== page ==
Single European chaos

Doncha just hate French air-traffic controllers? Their strike last Wednesday and Thursday (to be repeated this weekend and at the end of the month: beware) forced cancellation of half the flights into and out of French airports and caused long delays for anyone else trying to pass through French airspace — in my case, hours of tedium at charmless Palma airport before battling Ryanair got me home. The controllers’ principal beef is that their retirement age has been put back from 57 to 59, poor things, but they are also resisting changes in working practices and EU regulations.
Underlying all this is a decade-long row over the ‘Single European Sky’, a Brussels plan to bring air traffic across the continent under unified control rather than the 38 separate systems that currently operate — thereby saving some €5 billion of costs, theoretically improving air safety and cutting emissions, and creating efficiencies to cope with expected traffic growth, driven by low-cost airlines, of 50 per cent by 2030. Sounds smart, doesn’t it? But naturally this initiative is opposed by trade unions and hindered by national bureaucrats everywhere. And it will end up, like so much else about the European Union, in a botched compromise that suits special interest groups but does little or nothing for you and me.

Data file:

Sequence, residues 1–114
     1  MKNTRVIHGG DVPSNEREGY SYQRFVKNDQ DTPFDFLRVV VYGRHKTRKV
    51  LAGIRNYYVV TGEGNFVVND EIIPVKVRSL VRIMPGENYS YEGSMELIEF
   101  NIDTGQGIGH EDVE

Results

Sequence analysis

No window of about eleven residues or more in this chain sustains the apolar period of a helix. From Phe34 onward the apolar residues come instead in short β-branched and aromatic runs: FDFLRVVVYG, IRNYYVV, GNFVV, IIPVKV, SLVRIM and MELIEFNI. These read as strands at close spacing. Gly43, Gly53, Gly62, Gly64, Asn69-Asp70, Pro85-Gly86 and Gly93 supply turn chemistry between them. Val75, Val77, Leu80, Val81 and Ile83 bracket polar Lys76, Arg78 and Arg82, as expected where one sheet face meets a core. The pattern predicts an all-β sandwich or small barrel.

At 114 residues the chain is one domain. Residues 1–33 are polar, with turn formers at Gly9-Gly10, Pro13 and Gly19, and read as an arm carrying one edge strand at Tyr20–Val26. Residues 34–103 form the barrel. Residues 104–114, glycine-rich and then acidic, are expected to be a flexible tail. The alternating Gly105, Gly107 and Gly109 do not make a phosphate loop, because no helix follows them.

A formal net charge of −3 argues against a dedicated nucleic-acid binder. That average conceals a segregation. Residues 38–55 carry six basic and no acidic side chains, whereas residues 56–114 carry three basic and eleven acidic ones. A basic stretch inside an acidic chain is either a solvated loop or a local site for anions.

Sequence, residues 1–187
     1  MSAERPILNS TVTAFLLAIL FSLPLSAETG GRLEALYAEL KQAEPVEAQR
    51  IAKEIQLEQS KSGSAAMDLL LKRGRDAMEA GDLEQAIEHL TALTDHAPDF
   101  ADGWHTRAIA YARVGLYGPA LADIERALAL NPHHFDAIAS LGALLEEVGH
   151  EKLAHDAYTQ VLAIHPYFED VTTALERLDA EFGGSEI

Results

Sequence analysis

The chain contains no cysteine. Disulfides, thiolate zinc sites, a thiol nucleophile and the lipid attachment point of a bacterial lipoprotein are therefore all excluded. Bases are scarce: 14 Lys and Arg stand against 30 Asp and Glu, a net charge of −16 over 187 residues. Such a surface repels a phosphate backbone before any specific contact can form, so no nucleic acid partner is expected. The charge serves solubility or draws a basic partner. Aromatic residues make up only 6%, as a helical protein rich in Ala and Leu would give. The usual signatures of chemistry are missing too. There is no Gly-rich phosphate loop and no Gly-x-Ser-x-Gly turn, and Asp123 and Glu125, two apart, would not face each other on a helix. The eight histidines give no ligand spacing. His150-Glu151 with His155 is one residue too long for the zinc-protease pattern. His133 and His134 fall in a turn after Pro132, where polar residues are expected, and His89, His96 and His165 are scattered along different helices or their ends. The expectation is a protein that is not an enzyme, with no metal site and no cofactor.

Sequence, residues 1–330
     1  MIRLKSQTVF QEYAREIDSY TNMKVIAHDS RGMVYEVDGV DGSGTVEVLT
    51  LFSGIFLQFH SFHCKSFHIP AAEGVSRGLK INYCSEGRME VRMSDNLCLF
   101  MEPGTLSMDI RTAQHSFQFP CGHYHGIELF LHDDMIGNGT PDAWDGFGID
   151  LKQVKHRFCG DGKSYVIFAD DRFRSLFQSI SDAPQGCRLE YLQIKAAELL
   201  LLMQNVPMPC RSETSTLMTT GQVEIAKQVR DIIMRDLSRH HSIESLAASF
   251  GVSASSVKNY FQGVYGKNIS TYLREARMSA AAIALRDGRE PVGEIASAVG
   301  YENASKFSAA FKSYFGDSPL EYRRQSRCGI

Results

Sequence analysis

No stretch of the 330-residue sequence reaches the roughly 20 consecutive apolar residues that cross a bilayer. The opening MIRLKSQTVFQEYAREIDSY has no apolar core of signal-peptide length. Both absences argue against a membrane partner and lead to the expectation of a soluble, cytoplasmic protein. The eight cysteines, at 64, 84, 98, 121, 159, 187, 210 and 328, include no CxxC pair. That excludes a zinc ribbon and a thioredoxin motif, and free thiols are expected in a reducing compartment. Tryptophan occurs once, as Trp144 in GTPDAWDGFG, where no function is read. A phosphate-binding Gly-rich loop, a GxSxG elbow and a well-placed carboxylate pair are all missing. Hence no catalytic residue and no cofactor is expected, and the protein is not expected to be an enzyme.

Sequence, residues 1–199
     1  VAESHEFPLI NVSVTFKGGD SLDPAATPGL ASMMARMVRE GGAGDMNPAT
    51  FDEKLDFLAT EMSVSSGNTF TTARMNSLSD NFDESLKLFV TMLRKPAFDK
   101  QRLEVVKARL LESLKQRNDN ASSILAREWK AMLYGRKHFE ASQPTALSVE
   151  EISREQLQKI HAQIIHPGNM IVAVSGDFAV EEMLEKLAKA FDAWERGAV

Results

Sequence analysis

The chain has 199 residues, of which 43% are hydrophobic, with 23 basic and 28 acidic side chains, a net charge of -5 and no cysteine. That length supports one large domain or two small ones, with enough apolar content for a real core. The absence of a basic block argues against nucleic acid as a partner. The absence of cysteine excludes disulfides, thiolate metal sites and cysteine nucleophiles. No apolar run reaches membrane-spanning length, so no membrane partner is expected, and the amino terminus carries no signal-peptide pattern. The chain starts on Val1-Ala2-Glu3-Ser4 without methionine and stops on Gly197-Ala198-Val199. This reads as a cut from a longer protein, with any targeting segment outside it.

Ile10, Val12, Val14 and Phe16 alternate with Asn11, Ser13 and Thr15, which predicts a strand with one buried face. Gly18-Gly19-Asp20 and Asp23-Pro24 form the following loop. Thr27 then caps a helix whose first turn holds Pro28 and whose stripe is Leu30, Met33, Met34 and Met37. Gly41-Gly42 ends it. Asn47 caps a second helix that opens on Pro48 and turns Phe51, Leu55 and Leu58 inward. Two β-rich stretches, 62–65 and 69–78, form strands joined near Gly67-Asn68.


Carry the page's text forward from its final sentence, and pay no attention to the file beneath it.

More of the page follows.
In-flight voxpops

At least the proximity of Ryanair seats provided opportunities for pre-election voxpops, though it seemed hardly worth asking the outbound stag party from Bradford, lashing into a breakfast cocktail of vodka, Coke and Disaronno amaretto which they kindly shared with me, whether they had any voting intentions at all. I suspect they were in the same camp as the bleary-eyed forklift driver and his pink-haired girlfriend, rerouted overnight from Barcelona for their homeward journey, who said they knew nothing about any of the parties, didn’t watch the debates and probably wouldn’t bother going to the polling station.
More interesting was a disgruntled constituent of Ed Miliband in Doncaster North, a metal-bashing industrialist whose firm turns over £50 million-plus and employs more than 100 people at well above the minimum wage. Have Ed or his people ever visited or sent you a message? No. Ever done anything helpful at all? No. So what do you think of Labour generally?
‘Absolutely bloody useless. The only thing the local council ever did was try to close down our night shift, which would have cost 40 jobs. The Lep [that’s the Local Enterprise Partnership for “Sheffield City Region” — one of the bodies created by the coalition to replace Labour’s bloated regional development agencies] tries to be helpful but the Labour lot do the opposite. They’re supposed to be for the workers, but they’ve never done anything for my workers, I can tell you.’ I wonder how many managers of growth businesses around Britain, those small-to-medium-sized engines of prosperity, would say much the same thing?